Everybody's talking today about "Drivergate" - internal Microsoft e-mails that show senior Microsoft executives personally struggling to use hardware products sporting the "Windows Vista Capable" sticker. The e-mails also show that Microsoft lowered its standard for some hardware compatibility, apparently to help Intel impress Wall Street.
This revelation is simply the latest in a long series that add up to one inescapable conclusion: Windows Vista sucks. (And making it cheaper won't help, either.)
Compatibility of drivers is just one issue. Another is a convoluted user interface that prevents ordinary users from gaining a sense of control over the OS.
Windows Mobile, Microsoft's operating system for cell phones, suffers from a similar problem. The Windows Mobile OS isn't horrible per se, it's just that it's completely wrong for cell phones and other small screen devices.
Windows Mobile clearly compromises usability to mimic the WIMP (Windows, Icons, Menus and Pointing device) focus of Microsoft's desktop operating systems. To quote Dr. Phil: How's that workin' for ya? It hasn't helped eroding desktop Windows market share, and it hasn't helped Windows Mobile, either.
The biggest problem isn't that the company's newest products are unusable, but that Microsoft may have actually lost the "ability" to make good operating systems. It may not be able to let go of its dogmatic insistence on the flawed vision of the same Windows "experience" from wristwatches to supercomputers.
And there is evidence that delusion or, at least, wishful thinking, prevails at Microsoft. The company's founder and chairman, Bill Gates, said last week that "Microsoft expects more Internet searches to be done through speech than through typing on a keyboard." Hey, Bill: Do you want to bet US$10 billion on that? I doubt even that Microsoft will fix its Vista driver problem within five years. This is the same guy, by the way, who bragged that Microsoft would "solve" spam by 2006.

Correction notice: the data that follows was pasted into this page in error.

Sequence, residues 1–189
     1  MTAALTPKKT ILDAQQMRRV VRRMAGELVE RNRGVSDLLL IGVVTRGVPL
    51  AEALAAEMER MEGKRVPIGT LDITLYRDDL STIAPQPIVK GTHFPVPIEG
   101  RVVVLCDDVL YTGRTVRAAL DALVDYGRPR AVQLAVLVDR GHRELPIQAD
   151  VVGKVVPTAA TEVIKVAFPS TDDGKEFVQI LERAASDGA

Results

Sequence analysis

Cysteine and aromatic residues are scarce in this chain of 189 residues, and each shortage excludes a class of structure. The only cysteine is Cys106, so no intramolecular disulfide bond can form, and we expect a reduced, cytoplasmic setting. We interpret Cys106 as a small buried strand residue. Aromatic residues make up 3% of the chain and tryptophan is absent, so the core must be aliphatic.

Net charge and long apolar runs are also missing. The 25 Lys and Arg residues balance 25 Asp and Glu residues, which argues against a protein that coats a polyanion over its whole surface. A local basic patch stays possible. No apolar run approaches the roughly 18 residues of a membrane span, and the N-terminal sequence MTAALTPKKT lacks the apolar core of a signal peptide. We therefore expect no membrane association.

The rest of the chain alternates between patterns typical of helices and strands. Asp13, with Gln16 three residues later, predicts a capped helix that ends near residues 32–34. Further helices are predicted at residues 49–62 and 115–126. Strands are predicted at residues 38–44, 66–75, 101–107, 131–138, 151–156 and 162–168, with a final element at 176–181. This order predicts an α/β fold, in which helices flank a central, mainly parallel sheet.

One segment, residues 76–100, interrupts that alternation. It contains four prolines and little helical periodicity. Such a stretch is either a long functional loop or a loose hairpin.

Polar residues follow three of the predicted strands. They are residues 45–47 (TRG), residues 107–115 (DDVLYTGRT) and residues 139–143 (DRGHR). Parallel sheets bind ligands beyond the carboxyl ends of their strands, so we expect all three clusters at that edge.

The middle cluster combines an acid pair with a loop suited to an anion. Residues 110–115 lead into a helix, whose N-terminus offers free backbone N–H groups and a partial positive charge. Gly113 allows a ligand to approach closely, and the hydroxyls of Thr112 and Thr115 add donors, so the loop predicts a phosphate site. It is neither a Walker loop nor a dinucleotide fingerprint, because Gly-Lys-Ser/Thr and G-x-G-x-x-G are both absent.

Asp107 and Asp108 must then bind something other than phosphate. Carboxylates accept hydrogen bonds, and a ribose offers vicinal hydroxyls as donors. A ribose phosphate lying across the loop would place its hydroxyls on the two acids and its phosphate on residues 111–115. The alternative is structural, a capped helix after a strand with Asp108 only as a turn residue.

It's imperative for Microsoft to get the next major OS right. The secret lies in the company's Surface initiative. Microsoft has never understood the importance of "simplicity," a fundamental design concept it has always swept aside to make room for "feature rich" (i.e., bloated and complex).
Right now, the Windows Vista type user interfaces are in their final days. The future belongs to what I call the 3G user interface, which replaces flat icons and folders with multitouch, gestures, physics and 3-D.
It's imperative for Microsoft to get the next major OS right. But how?
The secret lies in the company's Surface initiative. Sure, Surface is at present a little more than a semishipping demo usable for product marketing.